A more elusive, non-recorded character is hardly to be found. We know
all about him, but very little of him . . . the man Andrew Marvell
remains undiscovered. He rarely comes to the surface.Augustine Birrell, Andrew Marvell (1905)
I . . . who haue no imployment but idlenesse and who am so oblivious that
I should forget mine own name did I not see it sometimes
in a friends superscription.Marvell to Sir Henry Thompson (January 1674/5)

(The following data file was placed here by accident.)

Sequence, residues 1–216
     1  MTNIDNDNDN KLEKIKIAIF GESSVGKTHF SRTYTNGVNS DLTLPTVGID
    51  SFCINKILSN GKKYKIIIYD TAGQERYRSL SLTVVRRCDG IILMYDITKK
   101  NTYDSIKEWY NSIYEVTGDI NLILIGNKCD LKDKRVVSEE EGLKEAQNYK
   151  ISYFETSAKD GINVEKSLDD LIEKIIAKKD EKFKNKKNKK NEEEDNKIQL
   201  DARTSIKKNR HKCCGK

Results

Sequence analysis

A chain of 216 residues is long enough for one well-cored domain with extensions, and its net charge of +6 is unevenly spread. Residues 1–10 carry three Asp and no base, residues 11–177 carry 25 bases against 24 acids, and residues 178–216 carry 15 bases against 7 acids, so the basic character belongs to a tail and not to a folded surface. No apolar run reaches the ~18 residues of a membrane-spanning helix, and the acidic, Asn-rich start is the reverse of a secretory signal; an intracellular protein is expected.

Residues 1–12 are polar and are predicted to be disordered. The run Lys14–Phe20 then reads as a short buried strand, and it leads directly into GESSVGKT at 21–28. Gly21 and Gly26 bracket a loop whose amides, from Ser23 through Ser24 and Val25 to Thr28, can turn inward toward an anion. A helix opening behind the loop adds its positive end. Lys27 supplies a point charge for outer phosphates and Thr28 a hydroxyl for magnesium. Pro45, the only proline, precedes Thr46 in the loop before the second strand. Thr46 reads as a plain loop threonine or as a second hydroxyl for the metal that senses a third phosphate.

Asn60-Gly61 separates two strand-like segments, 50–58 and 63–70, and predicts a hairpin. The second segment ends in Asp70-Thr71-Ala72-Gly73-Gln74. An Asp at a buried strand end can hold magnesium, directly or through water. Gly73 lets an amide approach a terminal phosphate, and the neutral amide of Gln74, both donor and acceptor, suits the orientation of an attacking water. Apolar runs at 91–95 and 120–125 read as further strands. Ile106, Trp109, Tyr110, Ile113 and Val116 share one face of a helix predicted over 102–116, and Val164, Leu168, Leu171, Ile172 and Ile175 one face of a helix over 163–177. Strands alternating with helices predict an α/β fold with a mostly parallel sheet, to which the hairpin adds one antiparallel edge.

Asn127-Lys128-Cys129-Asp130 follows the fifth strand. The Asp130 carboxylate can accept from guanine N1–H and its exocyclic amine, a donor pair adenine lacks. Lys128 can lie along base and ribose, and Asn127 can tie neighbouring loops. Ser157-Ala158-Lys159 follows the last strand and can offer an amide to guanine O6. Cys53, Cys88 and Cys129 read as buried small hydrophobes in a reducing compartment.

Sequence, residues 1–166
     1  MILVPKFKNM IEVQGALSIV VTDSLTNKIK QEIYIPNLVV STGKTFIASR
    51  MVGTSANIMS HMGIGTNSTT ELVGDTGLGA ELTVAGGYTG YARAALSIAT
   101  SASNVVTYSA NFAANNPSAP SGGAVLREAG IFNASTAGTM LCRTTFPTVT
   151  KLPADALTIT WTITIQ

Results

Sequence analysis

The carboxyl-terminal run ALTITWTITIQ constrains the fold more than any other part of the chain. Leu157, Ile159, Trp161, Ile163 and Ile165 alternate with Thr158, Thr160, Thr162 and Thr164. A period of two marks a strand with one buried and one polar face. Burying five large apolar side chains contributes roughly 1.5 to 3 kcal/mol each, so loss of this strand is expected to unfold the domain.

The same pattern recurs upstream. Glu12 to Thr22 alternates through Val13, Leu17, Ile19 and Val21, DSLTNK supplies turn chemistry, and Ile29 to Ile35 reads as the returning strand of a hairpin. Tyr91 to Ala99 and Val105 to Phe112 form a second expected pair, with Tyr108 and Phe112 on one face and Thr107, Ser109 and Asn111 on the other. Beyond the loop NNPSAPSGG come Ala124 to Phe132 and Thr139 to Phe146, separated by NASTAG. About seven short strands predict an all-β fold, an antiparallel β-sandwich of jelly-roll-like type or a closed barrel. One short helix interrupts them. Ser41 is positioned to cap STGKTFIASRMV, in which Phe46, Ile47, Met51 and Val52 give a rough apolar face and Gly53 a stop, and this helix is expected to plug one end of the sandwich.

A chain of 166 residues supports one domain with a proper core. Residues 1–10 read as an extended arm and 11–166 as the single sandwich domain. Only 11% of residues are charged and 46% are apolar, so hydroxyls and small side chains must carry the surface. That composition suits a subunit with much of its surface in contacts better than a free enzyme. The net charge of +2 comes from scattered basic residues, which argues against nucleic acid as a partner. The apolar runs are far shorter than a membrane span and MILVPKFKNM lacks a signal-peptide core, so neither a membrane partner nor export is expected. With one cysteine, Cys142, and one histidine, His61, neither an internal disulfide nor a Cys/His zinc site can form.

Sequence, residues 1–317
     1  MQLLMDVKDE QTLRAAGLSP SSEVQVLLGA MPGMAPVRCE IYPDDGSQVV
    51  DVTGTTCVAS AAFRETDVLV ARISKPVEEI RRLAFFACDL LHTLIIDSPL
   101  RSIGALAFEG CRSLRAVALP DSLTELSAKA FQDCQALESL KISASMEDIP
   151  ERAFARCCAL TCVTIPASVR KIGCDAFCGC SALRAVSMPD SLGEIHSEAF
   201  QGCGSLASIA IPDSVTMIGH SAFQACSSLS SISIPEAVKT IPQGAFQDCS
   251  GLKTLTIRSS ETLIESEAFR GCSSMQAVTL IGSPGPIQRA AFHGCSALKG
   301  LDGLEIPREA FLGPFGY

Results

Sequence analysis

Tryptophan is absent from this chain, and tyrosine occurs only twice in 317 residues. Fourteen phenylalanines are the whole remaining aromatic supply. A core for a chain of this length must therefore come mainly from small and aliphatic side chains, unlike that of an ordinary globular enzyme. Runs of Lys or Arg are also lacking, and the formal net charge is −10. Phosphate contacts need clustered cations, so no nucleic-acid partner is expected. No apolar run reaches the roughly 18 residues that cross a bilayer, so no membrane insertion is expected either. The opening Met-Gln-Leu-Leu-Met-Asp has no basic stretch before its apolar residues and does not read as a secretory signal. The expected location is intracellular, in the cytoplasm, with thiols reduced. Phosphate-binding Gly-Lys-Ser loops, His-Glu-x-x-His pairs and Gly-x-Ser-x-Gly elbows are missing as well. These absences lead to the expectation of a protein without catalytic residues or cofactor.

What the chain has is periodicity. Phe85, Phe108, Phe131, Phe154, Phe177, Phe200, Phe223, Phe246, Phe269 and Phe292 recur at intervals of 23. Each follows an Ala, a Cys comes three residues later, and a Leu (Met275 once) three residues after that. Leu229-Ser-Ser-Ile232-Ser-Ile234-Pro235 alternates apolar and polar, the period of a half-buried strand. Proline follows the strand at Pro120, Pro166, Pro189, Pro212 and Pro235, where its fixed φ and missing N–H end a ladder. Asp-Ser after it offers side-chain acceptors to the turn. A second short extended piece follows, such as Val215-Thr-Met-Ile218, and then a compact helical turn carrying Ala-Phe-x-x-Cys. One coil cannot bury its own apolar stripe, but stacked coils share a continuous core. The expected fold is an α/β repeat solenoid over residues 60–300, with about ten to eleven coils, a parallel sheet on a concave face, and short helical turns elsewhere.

Authors from the past leave behind their literary works, but biographers need to construct their lives from other pieces of their life history evidence, apart from their poems, plays, novels or other kinds of writing. Works do of course function as life evidence, but without that other evidence, usually called documentary evidence because it is found in various types of historical document (records of birth, baptism, marriage, burial, property transactions, taxation accounts, and so on), the picture of a ‘real life’ would be impoverished. Letters, diaries and personal notebooks have an additional special status, because they are in a sense literary works too, and because they also record how the subject of a biography sees the world, or interacts with it. To have a large cache of letters is a gift for a biographer; it might be said that to engage in writing a life without such a collection is folly.